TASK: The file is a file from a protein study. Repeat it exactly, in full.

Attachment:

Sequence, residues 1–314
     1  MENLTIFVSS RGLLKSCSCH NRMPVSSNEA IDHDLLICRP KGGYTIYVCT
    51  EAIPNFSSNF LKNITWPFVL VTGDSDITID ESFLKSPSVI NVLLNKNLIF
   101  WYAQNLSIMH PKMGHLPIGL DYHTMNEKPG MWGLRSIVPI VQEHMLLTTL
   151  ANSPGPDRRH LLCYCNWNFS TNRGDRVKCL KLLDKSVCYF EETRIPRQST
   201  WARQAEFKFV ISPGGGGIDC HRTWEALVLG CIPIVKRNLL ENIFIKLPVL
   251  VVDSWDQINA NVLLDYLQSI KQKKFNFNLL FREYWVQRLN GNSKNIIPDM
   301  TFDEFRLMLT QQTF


Sequence, residues 1–314
     1  MENLTIFVSS RGLLKSCSCH NRMPVSSNEA IDHDLLICRP KGGYTIYVCT
    51  EAIPNFSSNF LKNITWPFVL VTGDSDITID ESFLKSPSVI NVLLNKNLIF
   101  WYAQNLSIMH PKMGHLPIGL DYHTMNEKPG MWGLRSIVPI VQEHMLLTTL
   151  ANSPGPDRRH LLCYCNWNFS TNRGDRVKCL KLLDKSVCYF EETRIPRQST
   201  WARQAEFKFV ISPGGGGIDC HRTWEALVLG CIPIVKRNLL ENIFIKLPVL
   251  VVDSWDQINA NVLLDYLQSI KQKKFNFNLL FREYWVQRLN GNSKNIIPDM
   301  TFDEFRLMLT QQTF